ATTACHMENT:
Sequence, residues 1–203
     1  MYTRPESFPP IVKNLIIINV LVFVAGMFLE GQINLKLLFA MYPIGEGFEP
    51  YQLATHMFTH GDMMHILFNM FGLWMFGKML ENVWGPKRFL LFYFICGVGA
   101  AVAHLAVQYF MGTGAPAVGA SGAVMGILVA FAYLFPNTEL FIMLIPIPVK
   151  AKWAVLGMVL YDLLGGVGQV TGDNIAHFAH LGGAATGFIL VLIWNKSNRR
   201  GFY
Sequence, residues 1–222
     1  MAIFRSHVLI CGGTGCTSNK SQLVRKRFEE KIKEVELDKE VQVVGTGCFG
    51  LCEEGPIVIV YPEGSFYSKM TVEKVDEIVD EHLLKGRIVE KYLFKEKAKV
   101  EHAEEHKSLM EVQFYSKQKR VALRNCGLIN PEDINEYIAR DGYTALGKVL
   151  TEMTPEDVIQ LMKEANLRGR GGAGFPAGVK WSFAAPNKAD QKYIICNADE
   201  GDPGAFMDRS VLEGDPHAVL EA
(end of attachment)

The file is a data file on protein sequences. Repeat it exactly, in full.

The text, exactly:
Sequence, residues 1–203
     1  MYTRPESFPP IVKNLIIINV LVFVAGMFLE GQINLKLLFA MYPIGEGFEP
    51  YQLATHMFTH GDMMHILFNM FGLWMFGKML ENVWGPKRFL LFYFICGVGA
   101  AVAHLAVQYF MGTGAPAVGA SGAVMGILVA FAYLFPNTEL FIMLIPIPVK
   151  AKWAVLGMVL YDLLGGVGQV TGDNIAHFAH LGGAATGFIL VLIWNKSNRR
   201  GFY
Sequence, residues 1–222
     1  MAIFRSHVLI CGGTGCTSNK SQLVRKRFEE KIKEVELDKE VQVVGTGCFG
    51  LCEEGPIVIV YPEGSFYSKM TVEKVDEIVD EHLLKGRIVE KYLFKEKAKV
   101  EHAEEHKSLM EVQFYSKQKR VALRNCGLIN PEDINEYIAR DGYTALGKVL
   151  TEMTPEDVIQ LMKEANLRGR GGAGFPAGVK WSFAAPNKAD QKYIICNADE
   201  GDPGAFMDRS VLEGDPHAVL EA